Agallia quadripunctata (Provancher)
Description & Identification
Small, very robust species, male 3.75—4.00 mm., female 3.95—4.25 mm. (Nielson, 1968)General color light brown. Vertex with two distinct black spots; pronotum with two distinct black spots near posterior margin, spots sometimes faded in males; elytra uniformly light brown.(Nielson, 1968)Pygofer in lateral aspect about 1½ times wider than long, caudal margin produced posteriorly at middle to large, blunt truncate lobe; aedeagus in lateral aspect very long, narrow, tubelike along distal three-fourths, shaft extremely narrow in dorsal aspect; gonopore terminal; style in dorsal aspect bibbed, lobes short, curved, margins smooth; female seventh sternum in ventral aspect with caudal margins slightly rounded and sinuate. (Nielson, 1968)This species, related to constricta, can be separated by the pygofer with the middle of the caudal margin produced posteriorly to a broad lobe and the aedeagus with the shaft sharply attenuated apically in dorsal aspect.(Nielson 1968)
Biology & Ecology
Information on its biology is meager. Oman in 1933 (576) collected it from violet patches in moist, shaded habitats. Black in 1944 (81) reared the species on crimson clover. It was found among roots of grasses, sedges, and other plants under moist situations in Canada (Bierne 1956) . Males of this species are extremely rare. Apparently reproduction is by parthenogenesis, which occurs normally in the Eastern United States (Black and Oman 1947) . (Nielson, 1968)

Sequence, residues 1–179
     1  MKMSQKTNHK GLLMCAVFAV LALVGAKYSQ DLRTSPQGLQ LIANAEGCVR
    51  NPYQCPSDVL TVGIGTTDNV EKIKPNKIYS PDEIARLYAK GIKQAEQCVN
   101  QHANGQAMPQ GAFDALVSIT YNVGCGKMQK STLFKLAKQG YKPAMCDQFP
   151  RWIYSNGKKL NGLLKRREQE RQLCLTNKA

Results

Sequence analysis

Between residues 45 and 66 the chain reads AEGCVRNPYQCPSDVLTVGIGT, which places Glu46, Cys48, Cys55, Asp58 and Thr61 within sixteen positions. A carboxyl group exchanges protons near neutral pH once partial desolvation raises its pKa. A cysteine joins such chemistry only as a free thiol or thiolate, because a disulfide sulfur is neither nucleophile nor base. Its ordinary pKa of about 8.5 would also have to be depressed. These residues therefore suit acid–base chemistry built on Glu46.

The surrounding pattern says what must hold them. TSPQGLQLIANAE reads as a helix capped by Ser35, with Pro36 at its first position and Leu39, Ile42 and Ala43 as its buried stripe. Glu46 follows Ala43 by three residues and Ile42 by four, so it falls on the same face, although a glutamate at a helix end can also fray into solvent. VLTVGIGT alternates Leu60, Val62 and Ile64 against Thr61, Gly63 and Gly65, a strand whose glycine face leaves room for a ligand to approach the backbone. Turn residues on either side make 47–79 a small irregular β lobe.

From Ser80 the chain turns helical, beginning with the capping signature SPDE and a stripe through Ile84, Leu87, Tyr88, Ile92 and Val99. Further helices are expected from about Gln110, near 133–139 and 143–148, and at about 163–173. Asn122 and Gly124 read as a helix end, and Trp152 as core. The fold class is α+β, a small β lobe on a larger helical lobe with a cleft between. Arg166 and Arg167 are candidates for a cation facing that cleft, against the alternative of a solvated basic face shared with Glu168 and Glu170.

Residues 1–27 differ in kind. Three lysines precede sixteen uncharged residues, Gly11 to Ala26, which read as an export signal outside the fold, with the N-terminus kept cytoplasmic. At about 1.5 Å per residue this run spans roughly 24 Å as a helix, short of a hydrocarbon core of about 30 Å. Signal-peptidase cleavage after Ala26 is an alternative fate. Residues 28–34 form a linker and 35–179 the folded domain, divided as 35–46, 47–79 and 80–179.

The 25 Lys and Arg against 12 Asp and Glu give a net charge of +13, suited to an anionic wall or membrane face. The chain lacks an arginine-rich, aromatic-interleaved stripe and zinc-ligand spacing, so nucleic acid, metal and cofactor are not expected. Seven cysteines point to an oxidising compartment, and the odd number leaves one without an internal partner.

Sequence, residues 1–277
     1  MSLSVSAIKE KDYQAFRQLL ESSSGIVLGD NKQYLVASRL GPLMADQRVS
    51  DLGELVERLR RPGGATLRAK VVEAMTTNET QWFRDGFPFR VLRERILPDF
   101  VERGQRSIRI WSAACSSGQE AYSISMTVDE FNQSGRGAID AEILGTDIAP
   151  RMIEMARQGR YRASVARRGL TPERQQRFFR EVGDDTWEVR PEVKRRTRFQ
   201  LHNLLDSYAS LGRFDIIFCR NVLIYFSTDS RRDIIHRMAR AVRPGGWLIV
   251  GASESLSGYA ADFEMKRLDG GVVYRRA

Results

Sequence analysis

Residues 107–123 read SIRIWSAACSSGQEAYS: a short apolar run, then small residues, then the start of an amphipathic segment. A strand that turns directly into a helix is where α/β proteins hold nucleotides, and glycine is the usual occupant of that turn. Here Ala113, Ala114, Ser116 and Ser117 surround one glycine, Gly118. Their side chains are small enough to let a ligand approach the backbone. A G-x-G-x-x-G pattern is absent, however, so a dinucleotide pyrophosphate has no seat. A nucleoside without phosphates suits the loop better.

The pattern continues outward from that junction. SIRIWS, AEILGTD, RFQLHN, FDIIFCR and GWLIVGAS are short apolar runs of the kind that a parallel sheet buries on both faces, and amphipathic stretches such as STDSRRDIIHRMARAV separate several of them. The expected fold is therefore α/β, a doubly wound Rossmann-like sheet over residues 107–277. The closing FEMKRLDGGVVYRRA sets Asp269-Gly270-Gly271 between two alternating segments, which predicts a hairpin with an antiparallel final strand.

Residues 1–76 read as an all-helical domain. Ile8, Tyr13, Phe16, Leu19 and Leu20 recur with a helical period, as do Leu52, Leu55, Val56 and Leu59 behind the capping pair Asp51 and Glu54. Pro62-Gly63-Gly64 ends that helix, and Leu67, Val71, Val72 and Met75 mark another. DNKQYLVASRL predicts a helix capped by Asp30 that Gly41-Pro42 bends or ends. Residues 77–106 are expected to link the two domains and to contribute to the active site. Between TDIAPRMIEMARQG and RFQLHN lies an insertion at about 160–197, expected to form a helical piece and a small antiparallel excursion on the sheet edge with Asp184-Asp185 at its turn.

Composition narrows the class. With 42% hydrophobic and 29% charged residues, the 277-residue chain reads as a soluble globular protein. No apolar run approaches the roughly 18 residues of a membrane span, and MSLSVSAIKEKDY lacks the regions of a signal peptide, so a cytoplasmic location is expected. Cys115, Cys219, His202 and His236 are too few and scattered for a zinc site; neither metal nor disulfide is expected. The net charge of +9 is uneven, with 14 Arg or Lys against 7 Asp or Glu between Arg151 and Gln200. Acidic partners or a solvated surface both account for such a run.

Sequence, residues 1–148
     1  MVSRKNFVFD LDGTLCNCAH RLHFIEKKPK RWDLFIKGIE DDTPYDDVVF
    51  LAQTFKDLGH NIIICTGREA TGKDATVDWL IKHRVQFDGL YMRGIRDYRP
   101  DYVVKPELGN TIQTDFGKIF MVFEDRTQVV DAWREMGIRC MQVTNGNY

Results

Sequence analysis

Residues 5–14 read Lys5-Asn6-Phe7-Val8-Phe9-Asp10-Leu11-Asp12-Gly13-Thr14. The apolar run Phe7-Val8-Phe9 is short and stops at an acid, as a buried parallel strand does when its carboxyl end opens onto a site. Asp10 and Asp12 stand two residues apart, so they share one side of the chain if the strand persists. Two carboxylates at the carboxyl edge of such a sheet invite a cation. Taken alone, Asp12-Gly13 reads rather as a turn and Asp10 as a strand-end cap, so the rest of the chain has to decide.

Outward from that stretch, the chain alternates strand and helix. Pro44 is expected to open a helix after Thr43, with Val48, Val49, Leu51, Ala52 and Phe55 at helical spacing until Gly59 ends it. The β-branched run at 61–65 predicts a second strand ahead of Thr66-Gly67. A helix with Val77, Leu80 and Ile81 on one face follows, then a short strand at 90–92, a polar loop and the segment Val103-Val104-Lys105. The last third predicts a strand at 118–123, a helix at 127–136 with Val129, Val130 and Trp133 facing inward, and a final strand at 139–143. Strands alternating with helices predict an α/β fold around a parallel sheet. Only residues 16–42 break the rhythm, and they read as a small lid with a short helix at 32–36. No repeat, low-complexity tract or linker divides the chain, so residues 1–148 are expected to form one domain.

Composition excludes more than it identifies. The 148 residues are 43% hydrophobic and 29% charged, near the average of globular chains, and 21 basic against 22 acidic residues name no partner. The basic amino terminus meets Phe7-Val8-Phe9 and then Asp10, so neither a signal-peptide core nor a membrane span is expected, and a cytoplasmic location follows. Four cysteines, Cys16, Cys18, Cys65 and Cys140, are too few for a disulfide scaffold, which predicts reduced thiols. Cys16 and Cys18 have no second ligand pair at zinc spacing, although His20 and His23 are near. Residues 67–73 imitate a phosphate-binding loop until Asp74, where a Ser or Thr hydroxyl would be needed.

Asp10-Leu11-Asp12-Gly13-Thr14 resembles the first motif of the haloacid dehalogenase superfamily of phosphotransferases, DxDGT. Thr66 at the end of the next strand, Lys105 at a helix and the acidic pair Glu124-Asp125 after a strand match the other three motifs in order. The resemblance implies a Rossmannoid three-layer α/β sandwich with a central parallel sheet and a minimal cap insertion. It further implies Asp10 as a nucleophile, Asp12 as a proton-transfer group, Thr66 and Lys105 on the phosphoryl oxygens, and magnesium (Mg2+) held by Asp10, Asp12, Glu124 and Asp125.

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t is widely distributed in the Nearctic region. DeLong and Davidson (1931) and Oman (1933) reported it common throughout the Northeastern United States and eastern Canada. It has also been recorded as far south as northern Alabama, Georgia, and Louisiana. Low populations have been found as far west as California, Oregon, Utah, Idaho, and British Columbia. Beirne (1956) found it in southern parts of British Columbia, Alberta, Saskatchewan, Manitoba, Ontario, and Quebec and in New Brunswick. (Nielson, 1968)
This species is a vector of the New Jersey and New York strains of potato yellow dwarf virus and wound tumor virus of clover in the Eastern United States, Transmission of these viruses from diseased crimson clover to healthy crimson clover plants was first reported by Black (81) in 1944. However, transmission of the New York strain of potato yellow dwarf was rare; only 2 of 465 specimens used in the tests were vectors. In three separate experiments, quadripunctata transmitted the New York strain of potato yellow dwarf virus to 5 of 131 test plants, the New Jersey strain to 64 of 310 test plants, and wound tumor virus to 32 of 179 test plants. No transmissions were effected with clover club leaf virus. Latent period of both strains of potato yellow dwarf virus in the vector varied from 15 to 36 days and for wound tumor virus, 14 days.(Nielson 1968)This species is not considered an important natural vector in the natural spread of these viruses owing to its association with plant habitats outside of virus sources.(Nielson 1968)